Dorothy Patterson: Good For the Soul
Dorothy Patterson's Life of Answered Prayers
By John David Mann
When Pat and Dorothy Patterson and their two small children moved from Michigan to California in 1972, things went from bad to worse. Business didn't do well, the house in Michigan didn't sell, and after a few months in their new locale, Dorothy found she had cancer.
"We had no money, no friends, and medical bills we couldn't pay. The cancer turned out not to be too bad, but it took me a few months to get back on my feet. I prayed for something to do that would change the course of our lives."
That prayer was answered rapidly when Dorothy met a neighbor who'd just been approached by a friend to join her business. The neighbor wasn't interested; Dorothy was.
"On the back of their pamphlet, it said, 'People helping people,' and had the Golden Rule printed. I liked that idea: doing something that would benefit me and also help others."
Taking Good Notes
Dorothy had worked as an executive secretary in the banking industry. Marketing products directly to people's faces was the furthest thing from her mind. "I was not a direct marketing personality."
In those early days, Dorothy would sit down to call people, dial the phone--then hang up before anyone answered. If someone told her "no," she was liable to cry right then and there.
"I'd never sold a thing in my life," she says, "but I was a good note taker. I went to a lot of meetings and listened to what other people did. I struggled, but didn't quit. The first time I stood up in front of a group, I shook like a leaf. I learned to take the focus off myself; gradually, I became comfortable speaking in front of 100 people, then 500, then 1000."
That first year, Dorothy heard a speaker talk about dreams and goals. He asked the group, "If you had unlimited time, unlimited resources, what would you do?" then asked them to write their answers down. Dorothy, the inveterate note-taker, did exactly that.
"I ended up with a list of nearly 50 things I wanted--music lessons for the kids, a horse for my daughter, a new house, a live-in housekeeper, taking the kids on a cruise, travel to Hawaii...all sorts of things."
Shortly afterward, Dorothy lost the list; about five years ago, she found it again.
"There it was, a good 25 years after I wrote it, tucked into a recipe book. I was amazed to find that I had accomplished every single item on that list but two--and since then, I've done those two as well."
A Left-Hand Turn
In 1996, a few years before recovering her dream list, life took a left-hand turn. The company where Pat worked downsized. He started his own business with a partner; it didn't work out. They remortgaged their house, ran up credit cards, and by Oct of '96, were facing bankruptcy.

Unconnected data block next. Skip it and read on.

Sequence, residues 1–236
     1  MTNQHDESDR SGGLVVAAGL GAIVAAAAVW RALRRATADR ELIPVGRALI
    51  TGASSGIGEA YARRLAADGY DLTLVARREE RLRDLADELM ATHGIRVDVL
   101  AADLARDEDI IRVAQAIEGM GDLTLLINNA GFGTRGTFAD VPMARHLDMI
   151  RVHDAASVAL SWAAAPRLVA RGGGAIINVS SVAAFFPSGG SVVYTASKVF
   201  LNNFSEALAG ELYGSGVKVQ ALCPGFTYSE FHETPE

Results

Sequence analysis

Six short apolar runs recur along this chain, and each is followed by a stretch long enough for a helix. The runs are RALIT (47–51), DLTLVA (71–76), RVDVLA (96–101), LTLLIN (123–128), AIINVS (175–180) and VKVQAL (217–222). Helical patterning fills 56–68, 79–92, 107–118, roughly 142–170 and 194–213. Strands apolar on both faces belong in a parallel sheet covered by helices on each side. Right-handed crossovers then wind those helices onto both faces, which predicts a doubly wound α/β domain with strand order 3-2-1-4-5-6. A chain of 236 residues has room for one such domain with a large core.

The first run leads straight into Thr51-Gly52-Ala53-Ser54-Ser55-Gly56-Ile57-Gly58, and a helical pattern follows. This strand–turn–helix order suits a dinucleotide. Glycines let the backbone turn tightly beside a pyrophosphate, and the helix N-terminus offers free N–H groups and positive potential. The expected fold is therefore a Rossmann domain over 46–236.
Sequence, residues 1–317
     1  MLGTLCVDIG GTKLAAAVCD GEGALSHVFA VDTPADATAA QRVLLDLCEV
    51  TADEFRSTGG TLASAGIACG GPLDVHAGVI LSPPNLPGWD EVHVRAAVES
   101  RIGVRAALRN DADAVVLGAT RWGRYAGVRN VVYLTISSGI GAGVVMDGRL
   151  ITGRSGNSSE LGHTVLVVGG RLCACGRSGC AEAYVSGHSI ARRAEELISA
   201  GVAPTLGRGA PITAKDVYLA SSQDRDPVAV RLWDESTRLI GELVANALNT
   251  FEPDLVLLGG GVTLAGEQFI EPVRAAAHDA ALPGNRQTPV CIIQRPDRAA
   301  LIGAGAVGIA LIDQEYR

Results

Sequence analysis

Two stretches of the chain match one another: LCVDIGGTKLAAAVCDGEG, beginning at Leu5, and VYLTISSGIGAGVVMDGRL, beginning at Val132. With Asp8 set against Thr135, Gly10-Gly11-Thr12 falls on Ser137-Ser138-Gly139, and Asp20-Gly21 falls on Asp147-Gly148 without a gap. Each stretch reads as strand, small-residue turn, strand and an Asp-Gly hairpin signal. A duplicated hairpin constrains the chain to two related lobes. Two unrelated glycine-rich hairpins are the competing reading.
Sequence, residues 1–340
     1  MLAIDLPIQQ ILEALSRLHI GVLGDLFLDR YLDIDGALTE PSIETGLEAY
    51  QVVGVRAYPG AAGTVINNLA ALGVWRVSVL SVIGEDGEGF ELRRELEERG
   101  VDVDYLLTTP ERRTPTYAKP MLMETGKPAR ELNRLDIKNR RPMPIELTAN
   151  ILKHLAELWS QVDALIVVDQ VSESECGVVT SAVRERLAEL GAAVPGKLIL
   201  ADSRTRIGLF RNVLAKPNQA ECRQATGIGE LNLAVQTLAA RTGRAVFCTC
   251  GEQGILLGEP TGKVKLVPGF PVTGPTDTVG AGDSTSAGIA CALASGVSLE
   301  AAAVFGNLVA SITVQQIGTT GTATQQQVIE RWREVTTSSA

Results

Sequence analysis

"I got down on my knees and prayed for direction in my life and the vision to recognize it."
At nine o'clock the next morning, Dorothy got a call from a friend she hadn't seen in ten years, calling to tell her about an opportunity and a unique product. Dorothy suffered so badly from arthritis and osteoporosis that the Ace bandages she wore and the 800 milligrams of Motrin she was downing three times a day could not keep her out of constant pain.
"I thought the product sounded like snake oil and told him, 'No'--six times!" The seventh time she relented and gave it a try. Within three days, she was out of pain--and into a new company. As of 2003, Dorothy's organization had grown to over 60,000 people, doing $50 million in annual sales.
"I started playing golf...and I began to play the piano again."
Ah yes, the piano. One of those final two dreams on Dorothy's dream list was to tour Europe and buy Boesendorfer grand piano.
"When I was in first grade, a friend of mine took piano lessons. My parents couldn't afford lessons, so I took the back of a writing tablet and a ruler, drew all the keys of the piano, and my friend taught me the notes; I would hum the notes and practice them on the cardboard."
Dorothy did eventually take piano lessons for a few years, but had never been able to buy the piano instrument of her dreams. A few years ago, Dorothy and Pat went to Vienna and purchased a seven-foot-four, hand-crafted "Concert Grand" Boesendorfer.
"The company makes only about 300 pianos a year. Each piano bridge is hand-crafted, and takes five years from first curing the wood to complete. It has an exceptionally resonant sound; it truly sings. This is my most prized possession; I think music is good for the soul."
Leaving This Life
The last few years have not been entirely easy ones for Pat and Dorothy; life has continued, as she puts it, to deal them left-hand turns. At each turn, Dorothy's business has been a blessing.
In March of '98, Pat went through major surgery; Dorothy was able to take off six months to help him recover, during which time the business only grew.
In October the next year, Dorothy's sister was diagnosed with terminal cancer; Pat and Dorothy were able to travel to Germany to be there with her for her last few months.
And in 2001, in the cruelest cut of all, Dorothy and Pat's own 32-year-old son was diagnosed with an extremely rare and terminal form of cancer. Says Dorothy, "We were able to take that time, to help him financially, help him research alternatives, help give him quality of life during that last year.
"We all know we're going to leave this life, and we all want to know that we've done something good before we leave. Network marketing changed our lives. It is a way you can reach out to others and help them change their lives, too. Your life becomes more meaningful."